Dozilkree
This was a very good first book on Celtic Crosses and their origin. The history was complete and sketches illuminating
zmejka
Mr Bryce's book was a surprisingly good read. Received as a Christmas gift, it sat on my desk for eight months before I got the chance to read it, as I thought it would require a good chunk of quiet time (it is a reference book after all). Not so! The pace of the book is fast, it lays out the history of the Celtic cross, pagan to modern, in a very concise fashion, and describes and displays examples along the way that greatly enhance the text.
Plenty of fun tidbits are included, but Mr. Bryce's text is so engaging that you find they sneak by you and you don't want to go back. I read the book three times to solve the problem! I was quite surprised to discover that both the Celtic cross and the modern cross do not have their origin in the crucifixion -- one of the more astonishing facts he presents.
Just an hour or two to read front to back, and a great primer for someone new to the subject, or soon to travel to Britain. The only drawback is that he didn't write more about it. It was my best gift last year, and at eight bucks just can't be beat.
Loved the drawings. Great detail
Erienan
Derek Bryce illuminates the history and precise symbolism of the Celtic cross. Reminding us that the wheel suggests the halo of the divine takes us to the growing humber of empty crosses in Europe and USA showing Christ as victor over death. This expresses the divine shining through many holy beings. For interpretation of the four figures around Christ over the main door of Chartres cathedral read A New Sense of Destiny from Ancient Symbols.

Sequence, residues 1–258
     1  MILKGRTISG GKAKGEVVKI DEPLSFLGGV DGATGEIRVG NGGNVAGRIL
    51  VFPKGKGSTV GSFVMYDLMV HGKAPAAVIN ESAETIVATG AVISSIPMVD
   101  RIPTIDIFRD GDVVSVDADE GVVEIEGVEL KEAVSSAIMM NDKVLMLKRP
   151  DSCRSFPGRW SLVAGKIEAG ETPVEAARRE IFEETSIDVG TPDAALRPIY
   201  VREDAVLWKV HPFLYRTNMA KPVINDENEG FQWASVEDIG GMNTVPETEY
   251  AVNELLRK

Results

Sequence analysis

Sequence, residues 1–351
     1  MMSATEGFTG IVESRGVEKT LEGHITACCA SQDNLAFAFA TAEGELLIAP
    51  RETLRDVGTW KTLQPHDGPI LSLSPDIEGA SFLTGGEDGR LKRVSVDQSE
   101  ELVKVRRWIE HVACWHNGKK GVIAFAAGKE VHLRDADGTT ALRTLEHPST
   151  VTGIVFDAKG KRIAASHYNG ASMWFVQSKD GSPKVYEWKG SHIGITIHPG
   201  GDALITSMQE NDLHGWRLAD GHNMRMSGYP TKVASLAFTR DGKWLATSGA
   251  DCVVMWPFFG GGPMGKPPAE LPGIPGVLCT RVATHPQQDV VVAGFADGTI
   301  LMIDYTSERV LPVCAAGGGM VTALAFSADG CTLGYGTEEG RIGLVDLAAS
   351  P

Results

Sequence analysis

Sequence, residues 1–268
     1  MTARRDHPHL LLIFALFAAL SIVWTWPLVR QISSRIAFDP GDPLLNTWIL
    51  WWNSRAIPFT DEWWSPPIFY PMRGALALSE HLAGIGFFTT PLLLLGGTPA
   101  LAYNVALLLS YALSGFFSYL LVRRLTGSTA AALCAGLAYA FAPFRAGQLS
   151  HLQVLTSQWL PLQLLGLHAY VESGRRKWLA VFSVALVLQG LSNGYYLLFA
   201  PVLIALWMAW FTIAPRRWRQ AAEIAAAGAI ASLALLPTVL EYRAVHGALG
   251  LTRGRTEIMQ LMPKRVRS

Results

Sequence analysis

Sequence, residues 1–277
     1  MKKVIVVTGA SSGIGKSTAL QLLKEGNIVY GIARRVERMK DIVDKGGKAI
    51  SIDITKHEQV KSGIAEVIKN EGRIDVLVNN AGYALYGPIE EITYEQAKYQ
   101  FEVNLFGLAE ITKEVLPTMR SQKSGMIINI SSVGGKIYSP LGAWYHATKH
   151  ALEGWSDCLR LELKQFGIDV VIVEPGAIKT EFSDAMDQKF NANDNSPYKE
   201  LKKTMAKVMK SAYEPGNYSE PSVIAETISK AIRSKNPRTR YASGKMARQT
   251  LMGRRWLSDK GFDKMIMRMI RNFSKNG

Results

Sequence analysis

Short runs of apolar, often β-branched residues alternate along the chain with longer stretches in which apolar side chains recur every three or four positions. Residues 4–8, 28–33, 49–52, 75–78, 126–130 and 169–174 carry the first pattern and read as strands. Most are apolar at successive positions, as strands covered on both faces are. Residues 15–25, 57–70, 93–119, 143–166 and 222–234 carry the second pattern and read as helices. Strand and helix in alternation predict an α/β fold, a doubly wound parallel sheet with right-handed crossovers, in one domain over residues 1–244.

Mojar
A previous commentator mentioned that he was unable to trust anything but the dates and locations. I'm afraid he shouldn't even trust the dates. For example, on page 40 the author lists the date of St. Aidan's ordination as Bishop of Lindisfarne as 653 AD, which is difficult since Aidan died in 642. The true date is 635 AD. Also, on the very next page, Bryce lists the date of the Synod of Whitby as 644; in actuality it took place in 664. While this may seem to be an exercise in nit-picking, since the book focuses strongly on the Celtic Christian church, and since these are quite possibly the two most formative dates in that church's history, it is disturbing that the author would offer them incorrectly. Beware of the others...
Xcorn
What a disappointment! The author clearly had an agenda, which was focused on the christian influence on Celtic Crosses. Many of his assumptions are self-serving, and I was tempted to put the book down halfway through in disgust. Other reviewers have noted good artwork, which I'll concede, but photos would have been better. I purchased this expecting some enlightenment into what the pre-Christian crosses symbolised, and was sorely disappointed.